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Fax Attack: Researchers Warn of New Vector for Hackers

Security researchers have been able to exploit vulnerabilities on all-in-one printers by sending a malicious fax, enabling then to infiltrate corporate networks.

The vulnerabilities were discovered by Check Point in a common implementation of the fax protocol, using HP Officejet all-in-one printers. HP has since released a patch after working with the security firm, but the issue could persist on other machines.

Check Point claimed that the issue is critical given that faxes are still widely in use: a cursory internet search apparently yielded hundreds of millions of numbers.

The attack could enable hackers to infiltrate corporate networks or use the connected printer to remotely steal sensitive documents, mine Bitcoin or carry out other nefarious tasks.

“Using nothing but a phone line, we were able to send a fax that could take full control over the printer, and later spread our payload inside the computer network accessible to the printer,” the vendor claimed.

“We believe that this security risk should be given special attention by the community, changing the way that modern network architectures treat network printers and fax machines. From now on, a fax machine should be treated as a possible infiltration vector into the corporate network.”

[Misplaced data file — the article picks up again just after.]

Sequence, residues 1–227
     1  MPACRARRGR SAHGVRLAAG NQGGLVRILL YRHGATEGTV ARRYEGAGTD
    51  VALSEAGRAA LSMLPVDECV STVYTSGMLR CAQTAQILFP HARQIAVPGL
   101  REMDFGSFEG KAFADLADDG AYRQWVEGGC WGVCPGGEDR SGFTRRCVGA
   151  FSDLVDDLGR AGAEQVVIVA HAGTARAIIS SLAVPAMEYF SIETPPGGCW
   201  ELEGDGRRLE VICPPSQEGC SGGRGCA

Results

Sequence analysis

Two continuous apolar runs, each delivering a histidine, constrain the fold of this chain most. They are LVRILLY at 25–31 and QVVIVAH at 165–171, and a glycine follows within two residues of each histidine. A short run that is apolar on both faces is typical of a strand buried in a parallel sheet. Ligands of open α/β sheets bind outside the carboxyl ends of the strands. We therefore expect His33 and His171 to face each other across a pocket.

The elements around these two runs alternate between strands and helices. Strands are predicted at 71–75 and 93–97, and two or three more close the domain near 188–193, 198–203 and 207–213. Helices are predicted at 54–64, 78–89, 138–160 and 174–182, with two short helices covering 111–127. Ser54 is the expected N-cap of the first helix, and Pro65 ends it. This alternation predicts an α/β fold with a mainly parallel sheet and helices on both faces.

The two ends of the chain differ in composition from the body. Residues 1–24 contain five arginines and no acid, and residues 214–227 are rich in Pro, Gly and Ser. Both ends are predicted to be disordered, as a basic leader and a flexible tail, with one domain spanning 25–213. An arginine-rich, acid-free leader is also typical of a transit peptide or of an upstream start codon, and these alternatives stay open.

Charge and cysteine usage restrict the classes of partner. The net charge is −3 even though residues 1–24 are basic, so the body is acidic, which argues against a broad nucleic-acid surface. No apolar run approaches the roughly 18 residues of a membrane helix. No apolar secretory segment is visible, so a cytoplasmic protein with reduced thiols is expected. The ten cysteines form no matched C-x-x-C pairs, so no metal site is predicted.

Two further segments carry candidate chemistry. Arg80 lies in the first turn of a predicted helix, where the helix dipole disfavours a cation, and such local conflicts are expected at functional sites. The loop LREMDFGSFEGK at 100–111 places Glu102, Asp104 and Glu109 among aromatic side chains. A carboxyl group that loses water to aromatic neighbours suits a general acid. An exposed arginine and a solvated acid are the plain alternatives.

The research team revealed two vulnerabilities discovered in the course of the research: CVE-2018-5925 – buffer-overflow while parsing COM markers – and CVE-2018-5924 – stack-based buffer-overflow while parsing DHT markers.

The white hats used the latter in their actual attack as it was easier to exploit. Infamous NSA exploits Eternal Blue and Double Pulsar were then used to autonomously spread the payload over a connected network.

However, not everyone was convinced about the seriousness of the implications. ThinkMarble Red Team leader, Tom B, claimed that there are several barriers for malicious attackers.

“First of all, receiving a fax is essentially like receiving a telephone call — they are generally traceable. Furthermore, phone calls also cost money. Phoning millions of fax machines to find a vulnerable model is expensive, and this will dissuade the common cyber-criminal,” he explained.

“Even where cost and traceability are not an issue, faxes take a relatively long time to come through. Sending a malicious fax to millions of fax machines with the hope of finding a vulnerable model, would take a very long time.”

Even in a highly targeted attack the attacker would first need the model number of a machine and details of a working exploit to succeed.

“Once crafted, there would be no guarantees that the payload would not simply crash the device instead of executing the code,” he argued.

The best way to keep fax machines and printers secure is to ensure they’re regularly patched and updated, he concluded.

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